Thrive by IU Health

June 29, 2021

After Five Decades, Esteemed Gastroenterologist Retires from IU Health

After Five Decades, Esteemed Gastroenterologist Retires from IU Health

By IU Health Senior Journalist, TJ Banes, tfender1@iuhealth.org

There’s a recurrent theme among those who work closely with Dr. Glen Lehman. It goes like this: They came to IU Health because of Dr. Lehman and they have stayed because of Dr. Lehman. And another message recounted nearly as often: Dr. Lehman constantly gives credit to his team members for building a nationally recognized program at IU Health.

Over the years, he has established such close relationships with his team members that some simply call him, “Glen,” or “G.L.”

Those team members number the 100s. By one count, some of those he trained in endoscopy have gone on to train the next generation, and that generation has trained the next.

Dr. Glen Lehman working alongside team members

As he performed his last official endoscopy Thursday, he had one of his long-time nurses, Lois Bucksot, by his side. After more than 40 years together, they performed the procedure in perfect choreography. Dr. Lehman asked Bucksot questions about their first procedure and asked how many procedures they’ve completed over the years. One estimate is that the ERCP team at IU Health has performed more than 60,000 procedures since 1994.

Bucksot first met Dr. Lehman when she was a floor nurse. He was known for making his patient rounds and then checking in on the nurses – often peppering them with questions about each patient.

“He’s just an excellent educator he finds interesting questions to raise in any case. He’s a great communicator and I think he strives to get everyone on the team involved in all cases,” said Bucksot. More than once Dr. Lehman has given team members the look – his blue eyes peeking out over the top of his readers – questioning their answers to his queries.

Dr. Lehman peeking over the top of his readers

As he finished his last official procedure, on a long-time patient suffering from pancreatitis, Dr. Lehman’s team members watched the procedure from a nearby room. The video viewing is one more part of Dr. Lehman’s legacy. Early on, he invited trainees to observe procedures through an “endoscopy suite.”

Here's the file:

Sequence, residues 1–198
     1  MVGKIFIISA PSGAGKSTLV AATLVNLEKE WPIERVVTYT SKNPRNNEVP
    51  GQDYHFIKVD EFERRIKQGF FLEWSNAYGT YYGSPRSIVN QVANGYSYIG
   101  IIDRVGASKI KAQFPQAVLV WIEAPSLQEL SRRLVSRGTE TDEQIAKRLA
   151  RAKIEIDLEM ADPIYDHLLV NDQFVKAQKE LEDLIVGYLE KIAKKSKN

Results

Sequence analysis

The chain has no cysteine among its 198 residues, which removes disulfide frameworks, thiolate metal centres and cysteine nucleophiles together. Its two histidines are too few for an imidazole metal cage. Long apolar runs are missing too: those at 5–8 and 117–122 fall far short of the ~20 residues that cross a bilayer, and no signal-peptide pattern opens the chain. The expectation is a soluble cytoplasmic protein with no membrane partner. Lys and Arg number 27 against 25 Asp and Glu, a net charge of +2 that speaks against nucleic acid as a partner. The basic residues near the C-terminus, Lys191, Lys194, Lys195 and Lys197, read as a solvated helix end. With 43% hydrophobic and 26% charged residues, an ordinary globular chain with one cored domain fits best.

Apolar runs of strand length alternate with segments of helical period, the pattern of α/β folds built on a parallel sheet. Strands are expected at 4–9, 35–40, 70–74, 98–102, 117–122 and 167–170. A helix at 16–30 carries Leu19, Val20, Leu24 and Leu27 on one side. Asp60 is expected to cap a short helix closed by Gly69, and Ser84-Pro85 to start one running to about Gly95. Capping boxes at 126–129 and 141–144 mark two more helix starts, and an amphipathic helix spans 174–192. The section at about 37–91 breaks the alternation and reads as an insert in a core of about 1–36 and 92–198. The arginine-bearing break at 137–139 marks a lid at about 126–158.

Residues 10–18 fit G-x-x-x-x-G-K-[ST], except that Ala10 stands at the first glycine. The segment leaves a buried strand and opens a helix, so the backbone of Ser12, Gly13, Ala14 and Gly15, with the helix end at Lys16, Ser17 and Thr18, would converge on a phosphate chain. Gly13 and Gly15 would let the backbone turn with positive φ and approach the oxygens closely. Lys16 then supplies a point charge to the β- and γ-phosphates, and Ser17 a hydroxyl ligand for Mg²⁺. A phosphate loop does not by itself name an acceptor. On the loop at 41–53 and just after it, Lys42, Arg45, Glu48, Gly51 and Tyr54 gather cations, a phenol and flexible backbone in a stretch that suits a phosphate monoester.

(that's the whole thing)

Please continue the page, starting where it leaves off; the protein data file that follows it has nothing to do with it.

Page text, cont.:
“Working with Dr. Lehman has been a dream come true. I’m here because of him. He’s been an amazing teacher and mentor for 25 years,” said Dr. Evan Fogel who specializes in digestive and liver disorders.

“Teacher” and “Mentor” are two words heard over and over by Dr. Lehman’s peers. Other words associated with him are “compassionate,” “gracious,” “approachable” and “humble.”

One story shared was about how Dr. Lehman showed up to interview a perspective IU Health employee and wore a suit and tie. When asked why he dressed formally he responded: “Because we have a guest.”

Dr. Naga Chalasani, division chief of gastroenterology said: “That’s how Dr. Lehman treats everyone - his patients and his team members - as a guest.”

Those who know Dr. Lehman best give credit to his Hoosier upbringing for his grace and humility.

Dr. Lehman surrounded by teammates


He began his life on an Indiana dairy farm, in Adams County. He was one of six children – all who completed college. He graduated in the top one percent of his class, earning his degree in 1968 from IU School of Medicine. He completed his internship at Duke University and returned to Indiana for a residency in internal medicine and a fellowship in gastroenterology at the Indiana University Medical Center.

His early medical experiences included a three-month volunteer position in Bolivia. He then returned to Indiana where he established an endoscopic training program.

Dr. Lehman went on to present training observations on six continents. He served as a major in the U.S. Army at Brooke Army Medical Center from 1972 to 1974. Afterward, he joined the IU School of Medicine and served as a gastrointestinal fellow.